Telecommunications licences and rights: wireless telegraphy licences: background
A draft Communications Bill was laid before Parliament in May 2002. This page tells you about the regulatory framework before any changes introduced by that Bill.
The use of radio is regulated in the UK. Its use is carefully planned to give as high a standard of service as possible. Unauthorised use of radio can cause harmful interferenceto legitimate users. Lives may be put at risk if the radios used by emergency services suffer interference; the successful running of a business can be affected by radio interference, and listeners can be prevented from enjoying their favourite radio station by interference. Radio does not stop at frontiers and its use is regulated internationally by the radio regulations, which are agreed at meetings of the International Telecommunications Union.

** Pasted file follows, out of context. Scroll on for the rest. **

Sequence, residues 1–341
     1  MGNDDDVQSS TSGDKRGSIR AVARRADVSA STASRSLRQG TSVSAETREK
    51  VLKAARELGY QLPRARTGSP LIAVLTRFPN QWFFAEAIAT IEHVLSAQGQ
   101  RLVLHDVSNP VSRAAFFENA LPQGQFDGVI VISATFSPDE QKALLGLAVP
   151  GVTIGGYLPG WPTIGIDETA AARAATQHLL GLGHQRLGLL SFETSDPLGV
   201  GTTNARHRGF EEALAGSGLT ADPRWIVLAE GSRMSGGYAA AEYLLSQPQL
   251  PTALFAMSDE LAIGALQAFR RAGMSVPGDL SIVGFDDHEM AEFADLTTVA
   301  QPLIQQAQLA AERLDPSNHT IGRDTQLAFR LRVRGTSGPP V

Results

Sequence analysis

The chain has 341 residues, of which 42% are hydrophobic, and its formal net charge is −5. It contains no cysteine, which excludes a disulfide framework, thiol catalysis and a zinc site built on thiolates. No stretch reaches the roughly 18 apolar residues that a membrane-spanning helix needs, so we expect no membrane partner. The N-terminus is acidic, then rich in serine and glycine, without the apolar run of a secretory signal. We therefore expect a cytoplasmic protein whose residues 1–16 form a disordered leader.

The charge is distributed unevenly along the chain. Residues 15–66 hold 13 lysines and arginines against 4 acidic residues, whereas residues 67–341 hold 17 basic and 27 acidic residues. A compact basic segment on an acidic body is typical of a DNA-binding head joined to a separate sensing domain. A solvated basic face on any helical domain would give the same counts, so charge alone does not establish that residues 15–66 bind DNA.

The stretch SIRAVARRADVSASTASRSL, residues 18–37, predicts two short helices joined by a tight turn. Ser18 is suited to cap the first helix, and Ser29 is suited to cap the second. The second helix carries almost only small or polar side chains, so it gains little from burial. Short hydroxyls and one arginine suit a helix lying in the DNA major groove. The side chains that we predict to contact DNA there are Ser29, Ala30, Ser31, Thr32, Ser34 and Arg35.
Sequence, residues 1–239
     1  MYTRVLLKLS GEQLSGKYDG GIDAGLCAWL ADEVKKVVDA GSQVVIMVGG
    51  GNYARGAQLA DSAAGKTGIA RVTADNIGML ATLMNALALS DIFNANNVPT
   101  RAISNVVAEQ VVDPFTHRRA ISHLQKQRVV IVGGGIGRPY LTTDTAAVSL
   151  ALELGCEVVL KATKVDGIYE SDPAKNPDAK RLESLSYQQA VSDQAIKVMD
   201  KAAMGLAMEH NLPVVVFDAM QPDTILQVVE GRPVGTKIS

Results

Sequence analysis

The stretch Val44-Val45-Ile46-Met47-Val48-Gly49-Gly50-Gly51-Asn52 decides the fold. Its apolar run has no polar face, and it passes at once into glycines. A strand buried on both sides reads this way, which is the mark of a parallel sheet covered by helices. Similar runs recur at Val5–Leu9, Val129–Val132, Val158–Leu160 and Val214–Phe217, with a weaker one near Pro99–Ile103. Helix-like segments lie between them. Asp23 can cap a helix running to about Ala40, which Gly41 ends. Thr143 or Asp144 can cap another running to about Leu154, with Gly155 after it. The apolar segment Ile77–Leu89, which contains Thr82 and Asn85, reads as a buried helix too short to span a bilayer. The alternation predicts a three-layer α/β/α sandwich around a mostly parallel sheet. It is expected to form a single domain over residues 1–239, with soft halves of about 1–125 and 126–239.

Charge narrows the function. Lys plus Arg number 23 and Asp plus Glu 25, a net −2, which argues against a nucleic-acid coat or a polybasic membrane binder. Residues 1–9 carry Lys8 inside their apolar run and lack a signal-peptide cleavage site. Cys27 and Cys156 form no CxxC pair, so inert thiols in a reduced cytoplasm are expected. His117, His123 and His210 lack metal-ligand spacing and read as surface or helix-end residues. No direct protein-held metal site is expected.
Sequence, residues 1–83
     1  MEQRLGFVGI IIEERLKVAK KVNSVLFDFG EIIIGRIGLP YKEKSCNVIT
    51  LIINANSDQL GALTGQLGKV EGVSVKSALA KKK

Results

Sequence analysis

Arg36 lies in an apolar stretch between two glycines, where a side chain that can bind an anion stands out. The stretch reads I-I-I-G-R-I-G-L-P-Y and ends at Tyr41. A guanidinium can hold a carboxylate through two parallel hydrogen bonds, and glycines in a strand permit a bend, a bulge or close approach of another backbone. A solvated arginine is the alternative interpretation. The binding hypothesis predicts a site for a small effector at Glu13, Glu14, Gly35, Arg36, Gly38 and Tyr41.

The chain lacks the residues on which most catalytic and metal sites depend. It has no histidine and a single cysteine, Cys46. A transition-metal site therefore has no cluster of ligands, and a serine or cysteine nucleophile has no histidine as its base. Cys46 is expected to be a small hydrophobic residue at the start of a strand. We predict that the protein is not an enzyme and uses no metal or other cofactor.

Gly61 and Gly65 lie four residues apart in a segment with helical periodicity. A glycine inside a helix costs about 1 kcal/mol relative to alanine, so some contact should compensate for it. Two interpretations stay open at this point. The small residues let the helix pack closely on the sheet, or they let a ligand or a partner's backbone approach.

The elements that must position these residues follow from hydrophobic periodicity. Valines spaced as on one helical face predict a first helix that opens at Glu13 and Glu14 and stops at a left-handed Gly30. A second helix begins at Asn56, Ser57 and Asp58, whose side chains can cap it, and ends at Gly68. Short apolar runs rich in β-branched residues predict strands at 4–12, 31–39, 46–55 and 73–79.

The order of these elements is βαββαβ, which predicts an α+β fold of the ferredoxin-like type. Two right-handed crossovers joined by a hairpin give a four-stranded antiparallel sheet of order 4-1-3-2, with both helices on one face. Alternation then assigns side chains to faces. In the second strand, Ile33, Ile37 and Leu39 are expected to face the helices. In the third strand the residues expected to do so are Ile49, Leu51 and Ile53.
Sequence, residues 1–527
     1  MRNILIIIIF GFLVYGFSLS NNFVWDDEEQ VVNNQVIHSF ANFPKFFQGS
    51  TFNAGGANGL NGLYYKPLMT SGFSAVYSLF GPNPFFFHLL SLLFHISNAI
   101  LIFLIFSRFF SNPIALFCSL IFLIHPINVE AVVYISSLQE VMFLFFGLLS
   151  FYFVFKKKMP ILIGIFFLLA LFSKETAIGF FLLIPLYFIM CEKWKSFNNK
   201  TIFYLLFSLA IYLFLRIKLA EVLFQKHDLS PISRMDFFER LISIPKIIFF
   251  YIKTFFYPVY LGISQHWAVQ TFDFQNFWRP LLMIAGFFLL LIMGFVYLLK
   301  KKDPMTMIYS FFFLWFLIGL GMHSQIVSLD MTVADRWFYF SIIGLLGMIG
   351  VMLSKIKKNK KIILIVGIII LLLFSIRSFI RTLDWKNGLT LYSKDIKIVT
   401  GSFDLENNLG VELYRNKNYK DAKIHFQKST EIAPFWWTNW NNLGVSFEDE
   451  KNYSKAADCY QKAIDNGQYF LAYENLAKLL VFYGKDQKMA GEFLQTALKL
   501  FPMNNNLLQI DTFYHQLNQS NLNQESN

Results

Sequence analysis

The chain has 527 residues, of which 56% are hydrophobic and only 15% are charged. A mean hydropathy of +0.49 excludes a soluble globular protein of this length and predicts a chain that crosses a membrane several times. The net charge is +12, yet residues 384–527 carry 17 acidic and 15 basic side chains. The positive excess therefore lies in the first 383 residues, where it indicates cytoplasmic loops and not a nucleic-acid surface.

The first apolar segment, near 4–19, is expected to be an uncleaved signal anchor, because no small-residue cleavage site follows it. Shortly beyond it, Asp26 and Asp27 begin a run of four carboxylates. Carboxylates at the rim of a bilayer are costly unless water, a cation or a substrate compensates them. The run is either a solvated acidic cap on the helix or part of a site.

The Secretary of State for Trade and Industry is responsible for the regulation of radio and the radio communications agency acts on the Secretary of State’s behalf.
The Wireless Telegraphy Act 1949
Section 1 of the 1949 Act forbids the installation or use of wireless telegraphy equipment (radio) unless a licence has been obtained from the Secretary of State or the equipment has been exempted from licensing.
A licence may be subject to limitations and, for example, may allow use only on a certain frequency; only with a certain power and level of emission; only if it does not cause undue interference, and only within a certain area.
The Wireless Telegraphy Act 1998
Section 3 of the 1998 Act allows the Secretary of State to auction wireless telegraphy licences. In order to hold an auction the Secretary of State has to make regulations specifying the licences to be auctioned and issue a notice setting out the procedure.
The rules in FA00/SCH23 apply to wireless telegraphy licences which have been granted following an auction under regulations made under Section 3 of The Wireless Telegraphy Act1998.
They do not apply to other wireless telegraphy licences, to licences granted under other legislation or to equivalent overseas licences.